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Forget Dow 16,000 – Here’s the Real ‘Bubble Popper’
By, Simon Maierhofer
Wednesday November 20, 2013
‘Dow 16,000’ or ‘bubble’ or contenders for the fictitious un-word or non-word of the year award. While the anti-appeal of the word bubble may be fictitious, the resistance provided by the Dow Jones Industrials chart is not.

Forgive me for using the much overused “B”-word (bubble) in my headline, but it appears unfashionable nowadays to write any article without a reference to the B-word (I believe there’s a significance to that. More below).

The Dow Jones (DJI: ^DJI) is chipping away at round number resistance at 16,000.

Round number resistance in itself is enough to capture the media’s attention and imagination. Combine this with the media’s eagerness to see a bubble burst and you have a perfect recipe for disaster, right?

The First Bubble Seen in Advance?

This would be the first bubble seen in advance, so a disaster here is very unlikely.

What about Dow Jones 16,000, is it significant resistance?

Yes and no.

Dow Jones 16,000 is round number resistance, the same as 1,800 for the S&P 500 (SNP: ^GSPC). Prices do tend to struggle briefly around round number resistance.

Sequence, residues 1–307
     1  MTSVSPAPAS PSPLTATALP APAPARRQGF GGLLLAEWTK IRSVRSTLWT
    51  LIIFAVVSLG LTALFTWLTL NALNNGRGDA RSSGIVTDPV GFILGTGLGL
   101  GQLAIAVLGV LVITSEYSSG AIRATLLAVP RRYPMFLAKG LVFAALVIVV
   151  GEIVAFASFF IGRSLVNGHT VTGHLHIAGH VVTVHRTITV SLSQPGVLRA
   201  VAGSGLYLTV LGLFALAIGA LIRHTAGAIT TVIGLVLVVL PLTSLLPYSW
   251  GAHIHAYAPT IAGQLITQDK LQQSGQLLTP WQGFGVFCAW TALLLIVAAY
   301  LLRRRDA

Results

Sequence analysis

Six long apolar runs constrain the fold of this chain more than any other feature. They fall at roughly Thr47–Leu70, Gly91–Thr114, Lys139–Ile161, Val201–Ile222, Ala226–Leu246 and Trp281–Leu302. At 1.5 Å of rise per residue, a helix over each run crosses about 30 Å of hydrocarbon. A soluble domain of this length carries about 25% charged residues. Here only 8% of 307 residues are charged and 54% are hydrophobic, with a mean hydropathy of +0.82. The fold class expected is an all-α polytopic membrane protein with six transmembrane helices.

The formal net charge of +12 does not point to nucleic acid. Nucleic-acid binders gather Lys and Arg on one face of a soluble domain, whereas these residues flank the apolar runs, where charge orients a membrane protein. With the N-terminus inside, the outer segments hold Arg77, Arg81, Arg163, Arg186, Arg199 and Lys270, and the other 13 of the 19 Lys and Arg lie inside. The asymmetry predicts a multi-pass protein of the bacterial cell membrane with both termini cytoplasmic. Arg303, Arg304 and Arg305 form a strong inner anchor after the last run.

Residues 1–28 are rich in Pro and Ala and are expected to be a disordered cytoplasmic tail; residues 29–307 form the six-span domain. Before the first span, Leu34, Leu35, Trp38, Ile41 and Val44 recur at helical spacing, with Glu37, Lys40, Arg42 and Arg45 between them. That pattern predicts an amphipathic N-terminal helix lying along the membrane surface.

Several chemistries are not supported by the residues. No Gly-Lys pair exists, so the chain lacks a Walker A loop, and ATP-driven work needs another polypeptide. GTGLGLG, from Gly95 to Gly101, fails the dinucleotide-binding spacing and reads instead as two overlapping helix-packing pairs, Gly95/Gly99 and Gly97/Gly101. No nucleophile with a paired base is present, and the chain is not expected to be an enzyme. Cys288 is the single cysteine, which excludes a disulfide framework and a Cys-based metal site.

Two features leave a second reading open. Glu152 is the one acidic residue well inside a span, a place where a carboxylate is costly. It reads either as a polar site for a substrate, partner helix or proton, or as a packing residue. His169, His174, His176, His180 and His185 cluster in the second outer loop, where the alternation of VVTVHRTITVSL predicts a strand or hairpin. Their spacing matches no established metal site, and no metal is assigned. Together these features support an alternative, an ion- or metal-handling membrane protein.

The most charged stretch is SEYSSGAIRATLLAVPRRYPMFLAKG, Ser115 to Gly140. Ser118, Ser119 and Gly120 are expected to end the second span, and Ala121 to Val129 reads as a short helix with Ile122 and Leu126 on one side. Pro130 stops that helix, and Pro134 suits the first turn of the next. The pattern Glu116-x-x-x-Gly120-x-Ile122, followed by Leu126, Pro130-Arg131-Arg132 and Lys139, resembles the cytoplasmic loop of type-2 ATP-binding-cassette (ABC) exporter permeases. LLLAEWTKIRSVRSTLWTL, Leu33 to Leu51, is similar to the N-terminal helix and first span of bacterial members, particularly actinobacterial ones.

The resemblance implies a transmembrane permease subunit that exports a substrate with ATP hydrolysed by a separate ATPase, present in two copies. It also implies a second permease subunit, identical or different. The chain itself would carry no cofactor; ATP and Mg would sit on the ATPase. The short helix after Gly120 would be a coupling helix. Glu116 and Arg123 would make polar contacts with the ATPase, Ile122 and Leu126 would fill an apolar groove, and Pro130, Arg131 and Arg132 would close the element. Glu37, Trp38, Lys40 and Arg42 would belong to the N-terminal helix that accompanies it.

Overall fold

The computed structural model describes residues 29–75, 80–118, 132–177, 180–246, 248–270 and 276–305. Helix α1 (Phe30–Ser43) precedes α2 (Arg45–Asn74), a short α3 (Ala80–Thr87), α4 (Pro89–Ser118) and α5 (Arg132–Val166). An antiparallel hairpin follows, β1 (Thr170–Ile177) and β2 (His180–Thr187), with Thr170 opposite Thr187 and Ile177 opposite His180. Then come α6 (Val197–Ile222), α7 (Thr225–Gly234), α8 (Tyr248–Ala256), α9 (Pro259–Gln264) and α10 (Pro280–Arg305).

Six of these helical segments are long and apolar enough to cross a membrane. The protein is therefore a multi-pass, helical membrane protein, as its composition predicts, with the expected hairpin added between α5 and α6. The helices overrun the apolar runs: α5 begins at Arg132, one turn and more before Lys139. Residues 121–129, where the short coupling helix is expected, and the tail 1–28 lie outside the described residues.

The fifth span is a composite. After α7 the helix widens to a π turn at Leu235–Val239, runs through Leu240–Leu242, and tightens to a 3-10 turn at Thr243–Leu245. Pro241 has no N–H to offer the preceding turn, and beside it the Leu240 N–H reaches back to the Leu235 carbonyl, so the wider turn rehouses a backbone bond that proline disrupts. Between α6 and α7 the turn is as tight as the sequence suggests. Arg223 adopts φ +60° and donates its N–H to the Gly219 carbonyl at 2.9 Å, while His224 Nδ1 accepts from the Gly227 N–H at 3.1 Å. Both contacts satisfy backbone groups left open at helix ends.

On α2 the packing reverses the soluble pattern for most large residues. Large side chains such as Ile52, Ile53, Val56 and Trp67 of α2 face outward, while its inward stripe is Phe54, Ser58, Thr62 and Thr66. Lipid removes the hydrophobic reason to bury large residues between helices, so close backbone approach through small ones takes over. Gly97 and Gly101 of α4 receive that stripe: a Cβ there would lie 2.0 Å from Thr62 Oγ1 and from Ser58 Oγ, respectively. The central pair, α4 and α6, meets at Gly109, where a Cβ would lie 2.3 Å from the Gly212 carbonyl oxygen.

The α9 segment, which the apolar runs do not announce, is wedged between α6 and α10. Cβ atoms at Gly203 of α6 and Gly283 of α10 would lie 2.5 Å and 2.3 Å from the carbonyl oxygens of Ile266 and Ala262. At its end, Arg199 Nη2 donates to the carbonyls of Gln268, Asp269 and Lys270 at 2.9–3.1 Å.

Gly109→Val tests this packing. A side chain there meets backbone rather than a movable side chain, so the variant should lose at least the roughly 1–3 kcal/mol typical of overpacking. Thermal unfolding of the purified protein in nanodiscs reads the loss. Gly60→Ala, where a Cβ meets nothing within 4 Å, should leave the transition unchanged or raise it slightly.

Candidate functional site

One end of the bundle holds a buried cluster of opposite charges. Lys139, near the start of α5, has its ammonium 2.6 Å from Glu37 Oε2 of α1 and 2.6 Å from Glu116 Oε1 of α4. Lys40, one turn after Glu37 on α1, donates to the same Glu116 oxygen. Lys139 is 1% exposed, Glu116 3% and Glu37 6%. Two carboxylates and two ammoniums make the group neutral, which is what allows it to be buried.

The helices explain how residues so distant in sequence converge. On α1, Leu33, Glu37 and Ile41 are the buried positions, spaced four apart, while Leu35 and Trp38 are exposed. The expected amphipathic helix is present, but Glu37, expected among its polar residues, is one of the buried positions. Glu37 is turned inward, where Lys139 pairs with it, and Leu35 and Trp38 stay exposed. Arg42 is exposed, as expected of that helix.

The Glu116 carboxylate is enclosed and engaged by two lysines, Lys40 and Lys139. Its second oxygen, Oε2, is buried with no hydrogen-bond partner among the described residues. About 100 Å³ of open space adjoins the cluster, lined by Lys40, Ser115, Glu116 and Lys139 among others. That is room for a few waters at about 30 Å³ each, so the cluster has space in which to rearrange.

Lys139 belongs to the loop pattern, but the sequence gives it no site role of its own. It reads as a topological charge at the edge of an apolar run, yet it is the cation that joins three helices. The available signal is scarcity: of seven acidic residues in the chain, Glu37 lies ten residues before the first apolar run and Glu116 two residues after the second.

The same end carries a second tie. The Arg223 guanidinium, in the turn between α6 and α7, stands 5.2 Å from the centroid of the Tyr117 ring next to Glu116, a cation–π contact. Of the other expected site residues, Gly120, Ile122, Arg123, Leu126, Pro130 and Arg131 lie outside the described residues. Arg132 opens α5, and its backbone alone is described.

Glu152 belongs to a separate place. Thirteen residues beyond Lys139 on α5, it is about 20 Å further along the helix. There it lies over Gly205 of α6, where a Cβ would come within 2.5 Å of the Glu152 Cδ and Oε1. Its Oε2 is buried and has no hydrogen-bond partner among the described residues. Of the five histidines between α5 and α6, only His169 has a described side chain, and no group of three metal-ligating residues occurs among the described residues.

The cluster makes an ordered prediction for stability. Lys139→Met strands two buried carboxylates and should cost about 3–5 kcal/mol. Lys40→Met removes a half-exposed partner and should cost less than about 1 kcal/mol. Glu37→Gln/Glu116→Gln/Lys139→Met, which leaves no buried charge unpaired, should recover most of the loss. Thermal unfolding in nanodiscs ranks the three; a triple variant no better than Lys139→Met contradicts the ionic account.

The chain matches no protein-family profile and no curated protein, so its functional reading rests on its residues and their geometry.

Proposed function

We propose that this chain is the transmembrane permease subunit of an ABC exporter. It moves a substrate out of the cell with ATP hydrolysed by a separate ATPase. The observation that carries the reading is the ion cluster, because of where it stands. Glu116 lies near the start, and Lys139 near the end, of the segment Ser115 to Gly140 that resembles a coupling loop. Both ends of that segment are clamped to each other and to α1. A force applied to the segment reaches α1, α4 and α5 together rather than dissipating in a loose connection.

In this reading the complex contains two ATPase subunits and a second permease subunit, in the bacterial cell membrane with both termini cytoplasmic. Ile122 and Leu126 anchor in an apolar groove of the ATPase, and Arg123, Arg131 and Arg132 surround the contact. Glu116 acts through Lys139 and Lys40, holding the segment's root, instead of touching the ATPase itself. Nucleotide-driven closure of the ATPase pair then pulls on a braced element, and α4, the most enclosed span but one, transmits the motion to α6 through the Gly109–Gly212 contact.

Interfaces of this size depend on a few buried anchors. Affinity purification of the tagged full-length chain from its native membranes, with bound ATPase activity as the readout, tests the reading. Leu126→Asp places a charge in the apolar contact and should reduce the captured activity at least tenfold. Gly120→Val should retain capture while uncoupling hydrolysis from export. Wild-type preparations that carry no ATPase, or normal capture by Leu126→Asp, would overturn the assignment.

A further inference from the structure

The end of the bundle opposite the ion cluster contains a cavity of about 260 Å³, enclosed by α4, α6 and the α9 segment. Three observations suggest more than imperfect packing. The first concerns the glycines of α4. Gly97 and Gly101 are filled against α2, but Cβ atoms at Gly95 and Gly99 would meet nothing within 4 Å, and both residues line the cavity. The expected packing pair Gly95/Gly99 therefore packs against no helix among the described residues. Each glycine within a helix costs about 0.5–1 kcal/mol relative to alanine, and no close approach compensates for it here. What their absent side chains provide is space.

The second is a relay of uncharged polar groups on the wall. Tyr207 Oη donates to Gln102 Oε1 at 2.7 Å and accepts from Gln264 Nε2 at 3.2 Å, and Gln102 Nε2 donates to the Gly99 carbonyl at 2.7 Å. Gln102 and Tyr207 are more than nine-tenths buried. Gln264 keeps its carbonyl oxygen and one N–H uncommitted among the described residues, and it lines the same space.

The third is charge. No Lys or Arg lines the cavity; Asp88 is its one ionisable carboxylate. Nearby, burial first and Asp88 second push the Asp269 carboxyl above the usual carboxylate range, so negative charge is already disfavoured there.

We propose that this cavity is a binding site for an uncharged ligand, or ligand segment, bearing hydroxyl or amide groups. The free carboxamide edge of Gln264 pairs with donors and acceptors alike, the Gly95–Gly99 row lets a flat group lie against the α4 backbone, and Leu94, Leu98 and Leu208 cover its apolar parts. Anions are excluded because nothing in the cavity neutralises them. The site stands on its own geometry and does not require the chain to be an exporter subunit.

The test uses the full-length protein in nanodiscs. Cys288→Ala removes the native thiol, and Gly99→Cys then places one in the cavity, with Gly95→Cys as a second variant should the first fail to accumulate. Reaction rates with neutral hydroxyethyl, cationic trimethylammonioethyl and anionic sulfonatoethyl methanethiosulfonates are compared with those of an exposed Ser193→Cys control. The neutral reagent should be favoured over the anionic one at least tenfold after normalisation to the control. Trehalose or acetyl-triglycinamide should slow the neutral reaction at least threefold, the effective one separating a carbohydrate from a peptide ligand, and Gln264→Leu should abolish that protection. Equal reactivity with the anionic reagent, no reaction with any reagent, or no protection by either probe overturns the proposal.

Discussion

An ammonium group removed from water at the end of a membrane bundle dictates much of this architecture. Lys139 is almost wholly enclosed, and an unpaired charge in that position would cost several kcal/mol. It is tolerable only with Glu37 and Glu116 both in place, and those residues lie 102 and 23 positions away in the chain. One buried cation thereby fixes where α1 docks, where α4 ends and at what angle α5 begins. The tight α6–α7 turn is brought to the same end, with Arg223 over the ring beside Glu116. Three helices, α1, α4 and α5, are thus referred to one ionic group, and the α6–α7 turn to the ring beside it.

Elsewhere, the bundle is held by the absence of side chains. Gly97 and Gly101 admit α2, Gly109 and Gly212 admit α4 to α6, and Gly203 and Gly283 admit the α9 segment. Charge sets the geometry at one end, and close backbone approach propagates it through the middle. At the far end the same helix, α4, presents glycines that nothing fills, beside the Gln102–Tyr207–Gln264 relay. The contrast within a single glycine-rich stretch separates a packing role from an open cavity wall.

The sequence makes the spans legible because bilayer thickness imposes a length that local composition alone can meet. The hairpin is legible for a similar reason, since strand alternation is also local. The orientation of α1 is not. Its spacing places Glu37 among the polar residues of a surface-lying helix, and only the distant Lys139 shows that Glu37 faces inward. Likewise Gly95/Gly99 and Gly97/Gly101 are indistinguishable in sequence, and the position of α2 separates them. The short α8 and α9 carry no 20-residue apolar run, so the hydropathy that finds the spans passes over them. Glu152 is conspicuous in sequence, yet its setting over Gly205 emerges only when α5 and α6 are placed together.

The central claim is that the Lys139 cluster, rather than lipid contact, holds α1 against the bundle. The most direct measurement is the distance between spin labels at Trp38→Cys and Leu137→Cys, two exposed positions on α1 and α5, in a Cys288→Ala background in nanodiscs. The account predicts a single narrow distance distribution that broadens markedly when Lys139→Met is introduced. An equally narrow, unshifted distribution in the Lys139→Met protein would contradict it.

The Dow Jones chart below highlights round number resistances from 10,000 – 16,000 (purple lines).

But there is more important resistance for the Dow Jones and by extension the Dow Jones Diamonds ETF (NYSEArca: DIA).

Double Whammy Resistance

The red trend line goes back many many years and provides more important resistance for the Dow Jones than the round number resistance in itself.

This trend line resistance was first featured in the August 7 edition of the Profit Radar Report and was used as an eventual target for the QE bull market.

Since the two levels are only separated by 150 points, there is stiff resistance in the low 16,000s.

Will the Dow Jones be able to overcome Dow 16,000? Will the S&P 500 be able to overcome 1,800?

Eventually, probably yes. The key is eventually and likely after some ‘short-term damage.’

I don’t use trend lines as a stand alone indicator or forecasting tool. However, resistance levels like the above-mentioned trend line act as ‘technical handrails.’

In particular, I am using this trend line in combination with a duo of indicator that has directly ousted the May, August, and September declines as only temporary corrections.

Here’s what this trusty duo of indicators says is next for stocks:

Divergences and Their Immediate Effect on the S&P 500 (and Dow Jones)

A long-term chart and detailed analysis for the Dow Jones and S&P 500 is available to subscribers of the Profit Radar Report.

Simon Maierhofer is the publisher of the Profit Radar ReportThe Profit Radar Report uses technical analysis, dozens of investor sentiment gauges, seasonal patterns and a healthy portion of common sense to spot low-risk, high probability trades (see track record below).

Follow Simon on Twitter @ iSPYETF or sign up for the iSPYETF Newsletter to get actionable ETF trade ideas delivered for free.

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